Though I know it dates me, I am forever proud to boast that I cut my political teeth handing out Humphrey campaign posters at the Union Hall in Highland Village. From the first Union member’s positive response, I was hooked. I trailed the Smiling Warrior through that Senatorial run, then lived and politicked in DC during some of his finest hours in the Senate. As director of a national student organization with an aggressive human rights agenda I swelled with pride as Humphrey inspired youthful activists to believe in the political process – and to act on their beliefs.
The legacy of that era is a body of human rights legislation that shapes the nation today.
For many, the legacy is a lifetime commitment to political activism and awareness, politics of the possible and, yes, the politics of joy. I admit that to this day I treasure a glossy photo in which some of us groundlings constituents tagged along with an interdenominational delegation of youth leaders for a high level tête-à-tête with our fearless leader. I have told my sons that we were passing the Civil Rights bill and, in a way, I guess we were.
Though for the most part I eschew egocentric ramblings this reflection on HHH is the exception. I cannot resist a personal affirmation of his early influence.
My retreat from the ubiquitous Super Bowl frenzy led me to C-Span’s Q&A where I tuned in on Brian Lamb interviewing Minnesota documentary producer Mick Caouette. They were discussing the two-hour documentary Hubert H. Humphrey: Art of the Possible
For a decade, Caouette interviewed scores of politicos – Senators, staffers, Humphrey supporters, historians and voters. Caouette also delved into extraordinary archives of long-buried audio and video records of Humphrey in his glory and in his final illness, Humphrey as VP berated by Lyndon Johnson, Hubert the family man at his Wayzata home. I was spellbound and, like several of the interviewees, moved to happy memories dampened by an occasional tear. And this was the just discussion of a two-hour documentary I have yet to experience.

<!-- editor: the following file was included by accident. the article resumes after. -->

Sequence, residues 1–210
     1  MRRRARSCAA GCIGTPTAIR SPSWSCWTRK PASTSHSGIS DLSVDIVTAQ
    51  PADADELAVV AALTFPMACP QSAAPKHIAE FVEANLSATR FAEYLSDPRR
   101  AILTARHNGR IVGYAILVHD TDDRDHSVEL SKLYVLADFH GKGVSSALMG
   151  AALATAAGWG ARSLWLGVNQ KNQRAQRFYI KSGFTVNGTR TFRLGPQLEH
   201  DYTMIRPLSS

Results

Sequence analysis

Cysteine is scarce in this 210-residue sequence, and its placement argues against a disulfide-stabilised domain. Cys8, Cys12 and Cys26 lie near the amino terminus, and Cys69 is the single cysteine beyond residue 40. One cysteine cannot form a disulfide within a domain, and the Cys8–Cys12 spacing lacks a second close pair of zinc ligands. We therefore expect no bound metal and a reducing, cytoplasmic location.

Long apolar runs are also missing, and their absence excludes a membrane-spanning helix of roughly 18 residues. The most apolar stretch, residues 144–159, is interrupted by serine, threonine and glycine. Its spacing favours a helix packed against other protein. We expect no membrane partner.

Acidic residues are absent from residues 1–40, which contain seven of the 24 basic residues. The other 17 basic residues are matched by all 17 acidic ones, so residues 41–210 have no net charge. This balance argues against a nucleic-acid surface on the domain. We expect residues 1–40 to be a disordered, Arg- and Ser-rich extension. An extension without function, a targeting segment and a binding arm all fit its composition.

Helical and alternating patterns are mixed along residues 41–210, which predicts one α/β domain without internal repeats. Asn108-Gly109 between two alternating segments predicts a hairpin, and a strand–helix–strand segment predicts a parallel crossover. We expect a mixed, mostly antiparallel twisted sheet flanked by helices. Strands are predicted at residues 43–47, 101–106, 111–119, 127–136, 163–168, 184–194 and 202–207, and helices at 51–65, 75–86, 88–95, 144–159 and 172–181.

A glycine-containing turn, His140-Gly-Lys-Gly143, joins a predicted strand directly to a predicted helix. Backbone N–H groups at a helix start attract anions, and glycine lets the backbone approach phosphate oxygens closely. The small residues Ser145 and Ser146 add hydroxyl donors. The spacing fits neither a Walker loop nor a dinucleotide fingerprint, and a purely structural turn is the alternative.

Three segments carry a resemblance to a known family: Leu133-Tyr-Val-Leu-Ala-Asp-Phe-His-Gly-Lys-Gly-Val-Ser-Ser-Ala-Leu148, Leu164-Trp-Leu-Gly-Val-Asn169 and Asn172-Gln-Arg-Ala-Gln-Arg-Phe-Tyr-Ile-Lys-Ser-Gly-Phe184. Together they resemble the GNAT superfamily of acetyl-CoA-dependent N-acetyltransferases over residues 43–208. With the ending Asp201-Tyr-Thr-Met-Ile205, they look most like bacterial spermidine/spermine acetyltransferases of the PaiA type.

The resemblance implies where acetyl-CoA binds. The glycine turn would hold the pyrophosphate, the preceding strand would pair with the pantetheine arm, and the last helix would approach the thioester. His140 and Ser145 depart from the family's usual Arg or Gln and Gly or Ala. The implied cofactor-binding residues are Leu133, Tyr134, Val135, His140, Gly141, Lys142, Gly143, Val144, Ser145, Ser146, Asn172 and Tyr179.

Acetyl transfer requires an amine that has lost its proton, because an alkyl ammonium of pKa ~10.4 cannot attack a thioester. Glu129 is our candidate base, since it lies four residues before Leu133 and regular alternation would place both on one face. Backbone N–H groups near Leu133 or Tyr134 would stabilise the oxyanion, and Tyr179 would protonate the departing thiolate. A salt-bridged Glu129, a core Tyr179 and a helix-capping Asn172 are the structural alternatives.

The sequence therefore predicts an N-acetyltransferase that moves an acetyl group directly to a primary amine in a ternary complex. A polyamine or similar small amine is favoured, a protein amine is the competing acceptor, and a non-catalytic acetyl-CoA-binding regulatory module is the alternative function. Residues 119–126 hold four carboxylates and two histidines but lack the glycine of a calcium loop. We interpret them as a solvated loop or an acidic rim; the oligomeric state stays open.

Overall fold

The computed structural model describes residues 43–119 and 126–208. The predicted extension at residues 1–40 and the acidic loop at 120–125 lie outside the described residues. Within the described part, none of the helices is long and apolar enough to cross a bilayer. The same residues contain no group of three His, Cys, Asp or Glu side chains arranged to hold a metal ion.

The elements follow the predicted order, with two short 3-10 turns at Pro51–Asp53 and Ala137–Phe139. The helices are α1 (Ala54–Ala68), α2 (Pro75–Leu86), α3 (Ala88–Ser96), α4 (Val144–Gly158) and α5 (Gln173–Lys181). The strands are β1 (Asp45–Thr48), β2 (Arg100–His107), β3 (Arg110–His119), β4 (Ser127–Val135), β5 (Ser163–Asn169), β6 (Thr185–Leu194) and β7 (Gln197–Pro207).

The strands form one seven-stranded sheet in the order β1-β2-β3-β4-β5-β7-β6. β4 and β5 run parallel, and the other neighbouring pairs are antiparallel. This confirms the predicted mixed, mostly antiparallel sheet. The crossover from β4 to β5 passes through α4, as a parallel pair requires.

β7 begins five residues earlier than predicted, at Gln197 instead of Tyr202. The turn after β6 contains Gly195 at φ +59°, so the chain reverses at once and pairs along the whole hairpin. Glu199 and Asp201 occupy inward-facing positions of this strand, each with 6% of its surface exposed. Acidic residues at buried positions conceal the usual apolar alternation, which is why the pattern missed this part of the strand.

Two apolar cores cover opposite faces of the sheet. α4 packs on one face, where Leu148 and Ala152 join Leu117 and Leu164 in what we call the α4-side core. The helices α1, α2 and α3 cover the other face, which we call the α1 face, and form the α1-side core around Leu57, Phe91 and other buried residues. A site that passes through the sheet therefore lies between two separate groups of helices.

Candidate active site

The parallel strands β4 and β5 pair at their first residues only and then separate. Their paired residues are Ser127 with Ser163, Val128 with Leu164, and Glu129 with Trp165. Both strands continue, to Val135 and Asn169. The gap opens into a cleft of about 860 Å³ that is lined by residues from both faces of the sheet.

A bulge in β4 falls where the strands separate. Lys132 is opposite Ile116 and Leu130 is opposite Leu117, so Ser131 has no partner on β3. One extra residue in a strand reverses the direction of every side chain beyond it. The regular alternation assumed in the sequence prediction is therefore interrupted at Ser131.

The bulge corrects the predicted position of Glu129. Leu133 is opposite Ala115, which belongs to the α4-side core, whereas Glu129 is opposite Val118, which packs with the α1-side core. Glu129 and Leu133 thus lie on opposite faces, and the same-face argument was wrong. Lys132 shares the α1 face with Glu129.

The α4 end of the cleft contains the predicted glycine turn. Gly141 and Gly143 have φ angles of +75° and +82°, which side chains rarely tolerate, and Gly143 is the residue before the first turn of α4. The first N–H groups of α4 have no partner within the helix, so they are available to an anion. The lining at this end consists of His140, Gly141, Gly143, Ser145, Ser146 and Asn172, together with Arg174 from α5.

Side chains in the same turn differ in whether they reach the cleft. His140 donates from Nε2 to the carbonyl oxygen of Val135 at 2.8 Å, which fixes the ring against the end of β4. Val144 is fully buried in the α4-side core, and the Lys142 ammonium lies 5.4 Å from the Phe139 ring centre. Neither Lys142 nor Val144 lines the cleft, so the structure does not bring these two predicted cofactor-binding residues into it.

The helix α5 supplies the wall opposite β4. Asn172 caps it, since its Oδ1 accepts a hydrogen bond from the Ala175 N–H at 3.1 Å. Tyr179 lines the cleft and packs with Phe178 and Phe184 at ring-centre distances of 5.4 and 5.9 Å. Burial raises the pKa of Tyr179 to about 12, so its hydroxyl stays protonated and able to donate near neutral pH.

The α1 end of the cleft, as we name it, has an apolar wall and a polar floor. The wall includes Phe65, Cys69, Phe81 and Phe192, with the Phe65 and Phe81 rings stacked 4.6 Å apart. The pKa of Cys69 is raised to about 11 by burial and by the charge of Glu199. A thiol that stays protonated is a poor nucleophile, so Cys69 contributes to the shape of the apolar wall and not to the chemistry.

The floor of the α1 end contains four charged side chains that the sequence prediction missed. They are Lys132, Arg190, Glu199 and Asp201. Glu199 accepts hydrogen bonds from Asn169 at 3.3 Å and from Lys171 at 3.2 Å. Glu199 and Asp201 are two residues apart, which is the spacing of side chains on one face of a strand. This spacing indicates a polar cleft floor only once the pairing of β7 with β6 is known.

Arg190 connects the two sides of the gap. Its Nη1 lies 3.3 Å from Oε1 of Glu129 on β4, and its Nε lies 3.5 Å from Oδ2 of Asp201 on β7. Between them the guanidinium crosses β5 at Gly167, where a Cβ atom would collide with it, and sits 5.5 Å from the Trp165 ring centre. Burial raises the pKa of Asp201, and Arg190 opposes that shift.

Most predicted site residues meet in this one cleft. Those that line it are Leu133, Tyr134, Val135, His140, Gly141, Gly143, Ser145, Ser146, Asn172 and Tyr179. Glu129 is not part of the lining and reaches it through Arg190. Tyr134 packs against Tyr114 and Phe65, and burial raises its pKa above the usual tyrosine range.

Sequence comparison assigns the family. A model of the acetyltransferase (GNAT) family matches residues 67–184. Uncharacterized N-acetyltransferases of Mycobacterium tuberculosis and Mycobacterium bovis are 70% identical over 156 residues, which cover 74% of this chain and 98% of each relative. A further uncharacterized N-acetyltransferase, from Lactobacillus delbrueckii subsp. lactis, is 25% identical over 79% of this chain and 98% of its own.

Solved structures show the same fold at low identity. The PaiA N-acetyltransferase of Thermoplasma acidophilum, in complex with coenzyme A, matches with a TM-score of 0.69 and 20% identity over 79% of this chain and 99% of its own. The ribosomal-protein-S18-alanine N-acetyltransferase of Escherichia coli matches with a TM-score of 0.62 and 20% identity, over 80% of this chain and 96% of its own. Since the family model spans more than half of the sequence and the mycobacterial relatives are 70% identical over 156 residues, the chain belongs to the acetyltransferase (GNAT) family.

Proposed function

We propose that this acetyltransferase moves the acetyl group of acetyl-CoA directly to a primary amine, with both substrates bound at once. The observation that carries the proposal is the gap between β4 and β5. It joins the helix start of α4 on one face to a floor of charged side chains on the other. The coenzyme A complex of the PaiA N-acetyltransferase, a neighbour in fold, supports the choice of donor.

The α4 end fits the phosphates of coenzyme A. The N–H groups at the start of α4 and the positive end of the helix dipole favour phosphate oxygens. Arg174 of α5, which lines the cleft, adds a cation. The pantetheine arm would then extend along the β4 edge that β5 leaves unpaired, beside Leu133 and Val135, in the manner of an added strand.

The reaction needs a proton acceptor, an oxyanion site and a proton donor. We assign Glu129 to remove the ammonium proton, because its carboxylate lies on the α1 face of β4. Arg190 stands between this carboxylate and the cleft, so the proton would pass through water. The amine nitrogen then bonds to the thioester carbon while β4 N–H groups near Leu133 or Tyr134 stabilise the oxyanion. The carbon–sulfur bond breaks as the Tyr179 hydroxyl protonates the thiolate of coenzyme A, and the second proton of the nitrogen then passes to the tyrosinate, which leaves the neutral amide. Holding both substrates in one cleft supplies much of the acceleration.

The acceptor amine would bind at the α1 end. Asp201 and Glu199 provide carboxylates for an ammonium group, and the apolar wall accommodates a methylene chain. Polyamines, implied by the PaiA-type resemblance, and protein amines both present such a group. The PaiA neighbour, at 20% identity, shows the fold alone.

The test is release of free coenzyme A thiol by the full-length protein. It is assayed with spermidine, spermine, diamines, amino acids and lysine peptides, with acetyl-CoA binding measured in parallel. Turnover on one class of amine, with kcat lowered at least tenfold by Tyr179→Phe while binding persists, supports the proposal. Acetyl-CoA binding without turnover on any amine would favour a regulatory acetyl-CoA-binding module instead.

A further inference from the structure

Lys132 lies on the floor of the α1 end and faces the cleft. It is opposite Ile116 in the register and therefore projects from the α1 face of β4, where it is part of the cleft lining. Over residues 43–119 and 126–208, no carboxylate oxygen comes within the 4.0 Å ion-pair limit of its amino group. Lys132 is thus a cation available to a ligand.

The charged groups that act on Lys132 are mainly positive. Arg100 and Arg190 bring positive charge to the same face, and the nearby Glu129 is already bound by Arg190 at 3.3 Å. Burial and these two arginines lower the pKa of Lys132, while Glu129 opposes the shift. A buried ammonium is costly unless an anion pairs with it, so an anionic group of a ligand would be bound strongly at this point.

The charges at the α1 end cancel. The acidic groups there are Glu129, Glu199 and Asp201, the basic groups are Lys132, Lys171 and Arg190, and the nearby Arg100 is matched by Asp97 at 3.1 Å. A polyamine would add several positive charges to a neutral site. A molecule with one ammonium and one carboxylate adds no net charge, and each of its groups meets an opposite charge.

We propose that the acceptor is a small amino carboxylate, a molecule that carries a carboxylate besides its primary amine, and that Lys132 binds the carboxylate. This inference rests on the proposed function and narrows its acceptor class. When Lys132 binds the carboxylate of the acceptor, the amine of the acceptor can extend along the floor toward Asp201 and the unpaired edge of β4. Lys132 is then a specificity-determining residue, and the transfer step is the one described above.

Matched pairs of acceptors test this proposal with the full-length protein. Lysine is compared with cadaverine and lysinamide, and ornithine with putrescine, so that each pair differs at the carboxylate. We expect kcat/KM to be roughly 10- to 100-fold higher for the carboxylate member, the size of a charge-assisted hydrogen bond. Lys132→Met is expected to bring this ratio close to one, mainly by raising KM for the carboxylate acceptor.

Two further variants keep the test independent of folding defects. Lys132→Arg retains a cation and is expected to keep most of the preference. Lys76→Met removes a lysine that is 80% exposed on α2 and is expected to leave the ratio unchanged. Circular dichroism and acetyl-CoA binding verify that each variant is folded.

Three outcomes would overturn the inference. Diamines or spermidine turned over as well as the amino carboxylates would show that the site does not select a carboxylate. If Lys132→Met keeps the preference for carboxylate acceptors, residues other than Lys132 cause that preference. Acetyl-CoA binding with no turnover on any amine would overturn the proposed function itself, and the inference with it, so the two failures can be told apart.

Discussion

For those of an age Humphrey remains a powerful presence on the political scene – too recent for the history books, but alive in our memories. Bill Moyers’ response to the documentary, quoted on the Humphrey Institute website, echoes and elegantly expresses my thoughts:”
I was among more than a thousand people who watched, laughed, gasped, and wept at Mick Caouette’s Hubert H. Humphrey: The Art of the Possible during a screening in Minneapolis. It is a powerful film about arguably the most important United States Senator of the 20th century whose great personal courage shaped the world we live in.
This is far more than just the riveting account of an exuberant public figure whose life was marked by both triumph and tragedy; it also is an important and fresh exploration of American history.
Youth will know about the demise of the Humphrey Metrodome, now reduced to relic status. Many Minnesotans and virtually all U of M students know that the HHH Institute remains a venue for research, discourse and learning.
It occurs to me that time spent viewing and discussing the interview and the documentary would make a meaningful intergenerational experience. If it happens to ignite a spark of interest in the legacy of Hubert H. Humphrey check the HHH Institute website for leads to scores of worthy books and related resources – and information about the centennial celebration of Hubert H. Humphrey that the Institute is planning for September 2011
Consider, too, that there in our midst family members and friends who would love nothing more than to dust off their memories and reflect on the lasting influence of Minnesota’s ebullient native son.